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Lair v. Fauver

UNITED STATES COURT OF APPEALS, THIRD CIRCUIT


decided: March 22, 1979.

THOMAS A. LAIR
v.
WILLIAM FAUVER, DIRECTOR, CORRECTIONS & PAROLE, DR. IRA MINTZ, SUPERINTENDENT, ADULT DIAGNOSTIC & TREATMENT CENTER, R. T. O'KEEFE, CHIEF OF SECURITY, ADULT DIAGNOSTIC & TREATMENT CENTER (D.C. CIVIL NO. 77-1279); THOMAS A. LAIR V. ROBERT MALCAHY, COMMISSIONER, DEPARTMENT OF CORRECTIONS; ROBERT S. HATRAK, SUPERINTENDENT, RAHWAY STATE PRISON; DR. IRA MINTZ, SUPERINTENDENT, ADULT DIAGNOSTIC AND TREATMENT CENTER; R. T. O'KEEFE, CHIEF OF SECURITY, ADULT DIAGNOSTIC AND TREATMENT CENTER, DEFENDANTS ET AL. (D.C. CIVIL NO. 77-1646); THOMAS A. LAIR, APPELLANT

ON APPEAL FROM THE UNITED STATES DISTRICT COURT FOR THE DISTRICT OF NEW JERSEY

Before Adams and Weis, Circuit Judges, and Weiner, District Judge.*fn*

Author: Per Curiam

Opinion OF THE COURT

Appellant, Thomas A. Lair, was convicted by a New Jersey state court of impairing the morals of a minor, carnal abuse and murder. He was thereupon adjudged a sex offender and committed to the Adult Diagnostic and Treatment Center (A.D.T.C.) at Avenel, New Jersey, to serve an eighteen-year indeterminate sentence under the New Jersey Sex Offender Act*fn1 as well as a concurrent 15 to 18 year sentence for second degree murder. The A.D.T.C. facility is designed to provide psychiatric treatment for sexual aberration. During his incarceration at A.D.T.C., Lair was removed from the general prison population and placed in administrative segregation. After the Special Classification Committee at A.D.T.C. approved a staff recommendation to transfer Lair to the state prison at Rahway, Lair was shifted to that facility. Both the intra-prison transfer to administrative segregation and the inter-prison transfer to Rahway took place without affording Lair notice of such transfers or any hearing.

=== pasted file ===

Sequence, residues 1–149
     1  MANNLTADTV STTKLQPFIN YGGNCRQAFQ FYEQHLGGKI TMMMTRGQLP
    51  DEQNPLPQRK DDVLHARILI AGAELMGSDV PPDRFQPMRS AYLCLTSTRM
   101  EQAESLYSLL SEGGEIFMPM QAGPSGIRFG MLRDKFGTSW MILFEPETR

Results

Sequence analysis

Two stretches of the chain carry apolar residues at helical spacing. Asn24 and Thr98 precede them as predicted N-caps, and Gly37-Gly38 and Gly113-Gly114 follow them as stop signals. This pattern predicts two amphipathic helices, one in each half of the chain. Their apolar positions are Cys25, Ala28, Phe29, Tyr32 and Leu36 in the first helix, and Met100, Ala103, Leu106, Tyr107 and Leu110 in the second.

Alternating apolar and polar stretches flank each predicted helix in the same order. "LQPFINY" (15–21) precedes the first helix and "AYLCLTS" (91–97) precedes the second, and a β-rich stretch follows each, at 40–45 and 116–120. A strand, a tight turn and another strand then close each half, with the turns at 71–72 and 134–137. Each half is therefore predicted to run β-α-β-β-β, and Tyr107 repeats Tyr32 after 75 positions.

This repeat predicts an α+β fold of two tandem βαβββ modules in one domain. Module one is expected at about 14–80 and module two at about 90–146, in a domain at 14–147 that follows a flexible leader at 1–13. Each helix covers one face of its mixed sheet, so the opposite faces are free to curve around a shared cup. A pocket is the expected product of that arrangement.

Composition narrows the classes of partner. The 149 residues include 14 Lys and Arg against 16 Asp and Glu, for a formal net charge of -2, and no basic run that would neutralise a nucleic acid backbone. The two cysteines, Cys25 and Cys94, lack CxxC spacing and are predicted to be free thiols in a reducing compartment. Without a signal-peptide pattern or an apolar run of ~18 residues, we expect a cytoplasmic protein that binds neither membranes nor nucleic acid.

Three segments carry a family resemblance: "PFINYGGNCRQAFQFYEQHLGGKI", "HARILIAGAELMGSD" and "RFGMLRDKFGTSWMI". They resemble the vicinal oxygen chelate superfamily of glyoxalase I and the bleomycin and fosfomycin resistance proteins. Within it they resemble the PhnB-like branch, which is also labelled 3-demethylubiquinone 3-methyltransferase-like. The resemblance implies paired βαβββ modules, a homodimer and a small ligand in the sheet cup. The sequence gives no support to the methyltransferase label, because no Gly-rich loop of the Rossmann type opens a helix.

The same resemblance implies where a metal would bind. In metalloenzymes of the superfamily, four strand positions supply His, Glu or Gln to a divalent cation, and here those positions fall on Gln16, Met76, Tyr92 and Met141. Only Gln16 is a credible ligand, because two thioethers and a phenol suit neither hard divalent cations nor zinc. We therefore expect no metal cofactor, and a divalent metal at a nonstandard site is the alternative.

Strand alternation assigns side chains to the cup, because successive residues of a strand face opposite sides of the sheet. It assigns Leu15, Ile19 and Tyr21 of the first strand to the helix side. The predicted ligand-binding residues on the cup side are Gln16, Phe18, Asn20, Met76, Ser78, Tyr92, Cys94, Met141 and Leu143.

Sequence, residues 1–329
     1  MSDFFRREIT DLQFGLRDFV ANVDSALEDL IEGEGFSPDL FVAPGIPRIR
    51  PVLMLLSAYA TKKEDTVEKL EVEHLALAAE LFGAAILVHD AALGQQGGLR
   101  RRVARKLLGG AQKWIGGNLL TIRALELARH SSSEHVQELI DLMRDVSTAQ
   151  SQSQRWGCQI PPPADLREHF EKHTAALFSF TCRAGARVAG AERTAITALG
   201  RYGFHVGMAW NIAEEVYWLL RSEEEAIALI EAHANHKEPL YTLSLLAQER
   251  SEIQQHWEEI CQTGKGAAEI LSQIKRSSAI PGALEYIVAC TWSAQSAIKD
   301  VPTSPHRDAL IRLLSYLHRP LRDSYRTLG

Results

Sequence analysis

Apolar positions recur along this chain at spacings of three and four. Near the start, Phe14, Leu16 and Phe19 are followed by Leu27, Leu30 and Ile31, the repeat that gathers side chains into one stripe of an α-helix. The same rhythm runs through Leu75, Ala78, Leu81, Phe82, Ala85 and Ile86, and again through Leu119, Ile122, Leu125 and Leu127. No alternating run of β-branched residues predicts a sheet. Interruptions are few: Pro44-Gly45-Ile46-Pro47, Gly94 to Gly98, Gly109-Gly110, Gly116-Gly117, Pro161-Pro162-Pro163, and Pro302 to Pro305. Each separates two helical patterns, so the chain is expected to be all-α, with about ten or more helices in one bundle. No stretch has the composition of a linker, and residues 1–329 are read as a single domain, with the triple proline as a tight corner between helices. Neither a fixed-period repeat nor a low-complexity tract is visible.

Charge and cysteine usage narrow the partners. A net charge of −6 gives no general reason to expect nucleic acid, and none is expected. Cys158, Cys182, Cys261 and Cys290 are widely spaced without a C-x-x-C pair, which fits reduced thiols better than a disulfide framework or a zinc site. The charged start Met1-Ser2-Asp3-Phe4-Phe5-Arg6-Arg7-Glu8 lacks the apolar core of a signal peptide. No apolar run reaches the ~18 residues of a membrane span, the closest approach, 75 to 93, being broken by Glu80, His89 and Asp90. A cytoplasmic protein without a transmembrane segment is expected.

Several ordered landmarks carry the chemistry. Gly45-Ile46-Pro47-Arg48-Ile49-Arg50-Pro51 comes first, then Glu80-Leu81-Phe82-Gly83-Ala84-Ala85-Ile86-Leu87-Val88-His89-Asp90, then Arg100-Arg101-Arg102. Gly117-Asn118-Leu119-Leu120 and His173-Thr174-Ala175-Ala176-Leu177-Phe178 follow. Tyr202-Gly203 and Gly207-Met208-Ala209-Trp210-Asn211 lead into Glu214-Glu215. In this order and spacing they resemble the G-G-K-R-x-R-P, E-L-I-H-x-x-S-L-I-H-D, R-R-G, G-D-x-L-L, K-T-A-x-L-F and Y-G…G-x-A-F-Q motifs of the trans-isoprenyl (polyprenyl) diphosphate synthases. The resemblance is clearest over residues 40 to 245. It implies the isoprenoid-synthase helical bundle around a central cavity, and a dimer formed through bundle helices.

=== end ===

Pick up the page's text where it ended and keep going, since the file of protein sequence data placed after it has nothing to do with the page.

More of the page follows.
Challenging both transfers on a variety of constitutional grounds, Lair instituted this action under 42 U.S.C. § 1983. He sought injunctive and declaratory relief as well as damages. With respect to his placement in administrative segregation at A.D.T.C., Lair's complaint charged that the failure to provide a pre-transfer notice and hearing violated due process, and that the confinement that then took place deprived him of freedom of speech and religion under the first amendment. Lair further averred that the intra-prison transfer was designed to punish him for filing a claim alleging lack of access to legal materials at A.D.T.C., not for legitimate disciplinary reasons. As for the inter-prison transfer to Rahway, Lair alleged in his complaint first, that inasmuch as the transfer was effected without affording him notice of a hearing, it deprived him of the psychiatric treatment that he had been receiving at A.D.T.C., in violation of the due process clause. This is so, he asserted, because (a) the New Jersey Sex Offender Act establishes a right to such treatment, and (b) the Act makes eligibility for parole contingent upon a positive response to treatment. Second, Lair's complaint averred that the State's failure to provide him with psychiatric treatment amounts to cruel and unusual punishment in violation of the eighth amendment.

A motion was filed by New Jersey to dismiss the complaint for failure to state a claim or, in the alternative, for summary judgment. The district court granted New Jersey's motion with respect to the inter-prison transfer but denied it with respect to the placement in administrative segregation. It is the dismissal of the inter-prison transfer claims that Lair now appeals.

This Court has jurisdiction under 28 U.S.C. § 1292(a)(1) because the dismissal for failure to state a claim effectively denied Lair the injunctive relief he seeks.*fn2 Jurisdiction exists under that provision even though the district court did not enter a final order as to these claims pursuant to Rule 54(b) of the Federal Rules of Civil Procedure.*fn3

We first consider Lair's contention that his transfer from A.D.T.C. violated his due process rights. The test under which due process challenges to inter-prison transfers are to be analyzed was enunciated in Montanye v. Haymes, 427 U.S. 236, 96 S. Ct. 2543, 2547, 49 L. Ed. 2d 466 (1976). There the Supreme Court stated: